As I sit with a patient one-on-one, the many layers of our relationship unfold, including trust. Sometimes trust can be experienced like a nebulous orb of energy, floating through the exam room, indistinct at first until it sees its path. Sometimes it is a clear, refreshing, light summer breeze engulfing us in warmth and our relationship blossoms and other times, it is a hazy, murky fog causing us to lose our direction as we plod through it, never really connecting. I can feel when it shifts from lightness to fog. I try to right it by taking a step back inside myself, to see where I may have lost the connection, relying on our previous bond to steer me. But sometimes, one stumble is enough to be lost forever. It is sad for me when the bond is that weak or unforgiving even after years of building our relationship.
In the obstetrics physician-patient relationship, there is the added complexity of another patient — the baby. Sometimes, I have to speak for the one that cannot speak and that requires winning the confidence of the other for both their needs. Admittedly, there are days I am weary of the questioning, the “but is it safe in pregnancy?” reaction or I just don’t have enough time to flesh out the relevant issues. I wonder why patients would think that I’m not always considering both of them. Unfortunately, it takes time and patience to have these discussions which sometimes, in the current medical climate, is a luxury we don’t always have. Perhaps this creates more fog when I am seeking light in connecting with patients.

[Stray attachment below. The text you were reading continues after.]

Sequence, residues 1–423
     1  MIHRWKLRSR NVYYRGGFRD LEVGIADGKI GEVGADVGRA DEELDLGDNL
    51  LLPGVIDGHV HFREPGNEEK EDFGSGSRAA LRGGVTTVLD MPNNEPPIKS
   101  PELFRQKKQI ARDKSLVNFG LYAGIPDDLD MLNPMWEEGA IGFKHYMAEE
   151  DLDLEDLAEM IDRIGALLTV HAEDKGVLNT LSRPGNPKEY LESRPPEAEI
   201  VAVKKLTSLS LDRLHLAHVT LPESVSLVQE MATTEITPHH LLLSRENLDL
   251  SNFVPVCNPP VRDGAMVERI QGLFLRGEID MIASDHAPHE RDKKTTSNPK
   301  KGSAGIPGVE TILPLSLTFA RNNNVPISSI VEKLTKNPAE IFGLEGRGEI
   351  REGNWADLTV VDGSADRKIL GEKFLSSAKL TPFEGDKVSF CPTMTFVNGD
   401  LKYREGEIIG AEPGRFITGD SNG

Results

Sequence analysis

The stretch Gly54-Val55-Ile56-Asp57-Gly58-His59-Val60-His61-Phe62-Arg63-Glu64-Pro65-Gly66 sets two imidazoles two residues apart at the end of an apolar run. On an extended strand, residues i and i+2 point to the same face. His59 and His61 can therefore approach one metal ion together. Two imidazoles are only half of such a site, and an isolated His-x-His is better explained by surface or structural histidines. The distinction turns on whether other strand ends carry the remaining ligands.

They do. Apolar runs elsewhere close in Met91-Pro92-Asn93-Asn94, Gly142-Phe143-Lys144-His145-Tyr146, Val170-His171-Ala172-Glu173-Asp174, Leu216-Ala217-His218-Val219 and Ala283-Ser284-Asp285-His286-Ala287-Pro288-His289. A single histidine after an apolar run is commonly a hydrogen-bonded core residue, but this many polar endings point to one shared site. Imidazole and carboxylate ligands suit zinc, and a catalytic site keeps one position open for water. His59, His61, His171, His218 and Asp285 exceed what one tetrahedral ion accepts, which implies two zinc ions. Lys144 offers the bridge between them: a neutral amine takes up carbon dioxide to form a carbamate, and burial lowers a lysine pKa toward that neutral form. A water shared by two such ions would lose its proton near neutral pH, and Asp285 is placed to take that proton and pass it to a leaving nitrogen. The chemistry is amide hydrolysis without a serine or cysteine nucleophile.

I certainly don’t know the answer to the bigger question of how we combat doctor-patient mistrust and misunderstanding. Sometimes, as with Rachel, I can reestablish trust and use my expertise to guide a patient to make the most medically sound decision for the situation. At other times, external forces may shape a patient’s decision, and trust in me may not have the weight to influence whether that decision is sound. In the end, I hope to create a trusting relationship, so even when decisions become tough, my patients see me as an ally in their health care.
Andrea Eisenberg is a obstetrician-gynecologist who blogs at Secret Life of an OB/GYN.